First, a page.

A New Puzzle Turns Earth Into a Rubik’s Cube, But More Complex


Another orbit around the sun and here we are again: back where we started but spun about — changed, perhaps deranged.

Henry Segerman, a British American mathematician and mathematical artist at Oklahoma State University, has invented just the puzzle for this disorienting annual event: Continental Drift, a 3-D sliding puzzle that made its debut earlier this year. The underlying geometric concept is holonomy: When you travel a loop on a curved surface and return to the starting point, you arrive somewhat turned around, rotated, perhaps by 180 degrees.

“Take a mathematical idea, can you make it real?” — this question, Dr. Segerman said, is what motivates his inventions.

He is keen on visualizing mathematics, whether with 3-D printing (he has written a book on the subject) or through non-Euclidean virtual reality experiences. But Dr. Segerman has aphantasia, an inability to construct mental pictures, or “visually hallucinate images at will,” as he puts it. This might explain his passion for making concrete pictures, especially the impressive collection he produced in 2022.

Continental Drift is Earth in miniature, mapped onto a truncated icosahedron — a soccer ball — with its regular patchwork of 12 pentagonal faces and 20 hexagonal faces.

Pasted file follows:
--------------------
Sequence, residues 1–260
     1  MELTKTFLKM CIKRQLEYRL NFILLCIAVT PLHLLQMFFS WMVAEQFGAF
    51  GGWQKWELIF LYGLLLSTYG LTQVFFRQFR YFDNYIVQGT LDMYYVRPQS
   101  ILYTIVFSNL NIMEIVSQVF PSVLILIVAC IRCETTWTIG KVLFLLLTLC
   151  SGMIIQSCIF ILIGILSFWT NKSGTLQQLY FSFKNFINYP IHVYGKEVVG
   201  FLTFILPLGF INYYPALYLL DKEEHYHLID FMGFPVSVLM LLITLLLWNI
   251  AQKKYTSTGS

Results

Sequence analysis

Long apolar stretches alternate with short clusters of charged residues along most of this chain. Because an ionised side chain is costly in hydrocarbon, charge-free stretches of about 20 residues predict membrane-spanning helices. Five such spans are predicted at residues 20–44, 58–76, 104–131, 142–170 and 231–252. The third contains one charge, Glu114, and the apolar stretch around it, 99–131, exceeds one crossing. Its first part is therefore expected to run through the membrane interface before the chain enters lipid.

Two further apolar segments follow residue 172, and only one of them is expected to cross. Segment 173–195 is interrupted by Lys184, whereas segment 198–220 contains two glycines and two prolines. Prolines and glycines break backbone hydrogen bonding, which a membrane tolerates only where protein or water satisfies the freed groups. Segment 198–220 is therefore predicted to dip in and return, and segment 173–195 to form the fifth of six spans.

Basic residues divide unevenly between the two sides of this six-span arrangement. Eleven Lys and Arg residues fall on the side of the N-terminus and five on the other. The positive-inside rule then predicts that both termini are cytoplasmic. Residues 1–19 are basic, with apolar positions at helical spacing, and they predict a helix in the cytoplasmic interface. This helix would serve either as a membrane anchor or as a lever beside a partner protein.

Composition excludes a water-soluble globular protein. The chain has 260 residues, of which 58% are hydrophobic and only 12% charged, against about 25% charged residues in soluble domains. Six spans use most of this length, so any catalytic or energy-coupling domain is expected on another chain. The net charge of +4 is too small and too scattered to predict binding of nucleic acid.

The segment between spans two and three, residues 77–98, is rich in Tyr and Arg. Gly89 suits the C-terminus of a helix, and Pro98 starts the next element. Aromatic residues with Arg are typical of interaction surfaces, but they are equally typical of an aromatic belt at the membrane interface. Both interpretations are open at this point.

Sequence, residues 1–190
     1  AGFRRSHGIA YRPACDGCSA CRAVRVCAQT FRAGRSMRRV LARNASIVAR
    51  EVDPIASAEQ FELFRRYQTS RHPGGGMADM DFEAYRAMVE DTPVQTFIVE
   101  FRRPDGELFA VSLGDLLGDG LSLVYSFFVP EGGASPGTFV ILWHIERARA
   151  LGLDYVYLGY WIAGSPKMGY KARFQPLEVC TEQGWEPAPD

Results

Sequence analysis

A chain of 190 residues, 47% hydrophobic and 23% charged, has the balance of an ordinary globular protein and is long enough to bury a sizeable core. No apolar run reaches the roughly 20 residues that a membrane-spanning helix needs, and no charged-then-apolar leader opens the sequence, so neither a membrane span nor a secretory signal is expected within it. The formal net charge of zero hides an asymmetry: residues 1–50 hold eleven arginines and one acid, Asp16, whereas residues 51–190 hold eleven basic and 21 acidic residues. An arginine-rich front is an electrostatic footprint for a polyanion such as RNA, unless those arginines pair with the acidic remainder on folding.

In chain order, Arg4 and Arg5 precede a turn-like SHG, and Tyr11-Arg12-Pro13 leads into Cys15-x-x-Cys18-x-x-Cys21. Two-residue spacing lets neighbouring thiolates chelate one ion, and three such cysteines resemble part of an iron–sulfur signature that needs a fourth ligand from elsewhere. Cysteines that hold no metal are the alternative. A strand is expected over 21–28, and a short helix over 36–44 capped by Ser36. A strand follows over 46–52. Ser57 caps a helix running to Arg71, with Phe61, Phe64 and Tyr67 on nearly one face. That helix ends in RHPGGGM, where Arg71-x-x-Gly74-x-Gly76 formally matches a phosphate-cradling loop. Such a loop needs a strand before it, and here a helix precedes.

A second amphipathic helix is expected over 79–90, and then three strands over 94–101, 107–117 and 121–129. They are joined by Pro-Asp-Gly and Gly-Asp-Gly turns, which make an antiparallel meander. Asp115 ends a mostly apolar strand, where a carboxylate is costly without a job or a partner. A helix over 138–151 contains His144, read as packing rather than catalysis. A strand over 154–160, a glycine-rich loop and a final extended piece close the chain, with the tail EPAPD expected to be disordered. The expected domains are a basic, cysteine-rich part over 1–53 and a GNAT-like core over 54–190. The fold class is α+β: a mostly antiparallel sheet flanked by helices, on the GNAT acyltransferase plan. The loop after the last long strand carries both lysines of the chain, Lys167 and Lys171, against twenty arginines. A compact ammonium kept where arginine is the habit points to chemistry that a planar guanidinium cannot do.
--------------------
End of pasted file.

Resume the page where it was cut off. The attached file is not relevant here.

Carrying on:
The conceptual inspiration was a Victorian craze: the classic 15 Puzzle, wherein square tiles numbered 1 to 15 are scrambled on a 4-by-4 grid, with one square left empty; you solve the puzzle by sliding tiles around into numerical order.

In Continental Drift, a spherical version of the 15 Puzzle, it’s the hexagonal tiles that are scrambled. (The pentagons are recessed and remain stationary.) “One of the hexagons, this one in the South Pacific, comes out,” Dr. Segerman explains on his YouTube channel. “We can then activate the San Andreas fault and slide California south into the ocean. And we can keep going, mixing up all of the continents.”

Holonomy happens when a tile travels a full loop along the curved surface of the puzzle: Slide the tile featuring, say, Greenland all the way around the perimeter of a single pentagonal tile — perhaps the tile featuring the North Atlantic. After a complete loop, the Greenlanders return to their starting position rotated by 60 degrees. If the loop encompasses two adjacent pentagons, then the tile returns to the starting point rotated 120 degrees. And so on.

And as it turned out, the die can “roll along its path,” Dr. Segerman noted. Given the right slope, gravity and a nudge, the die wiggles along a perfect chronological countdown. “That was a surprise,” Dr. Segerman said. “Reality does tend to bite back.”

Nonetheless, for a rough measure of Continental Drift’s complexity, he calculated that it has 7 × 10³¹ states, or possible configurations. (The Rubik’s Cube, with roughly as many moving parts, has only around 4 × 10¹⁹ states.) A YouTube viewer calculated that exactly half of Continental Drift’s states are attainable.

To Dr. Segerman’s knowledge, only one person has solved Continental Drift so far. “I solve it by unscrewing the removable part of the frame that lets you take the tiles out,” he said. Then he reorients himself and the tiles, and screws the puzzle back together.



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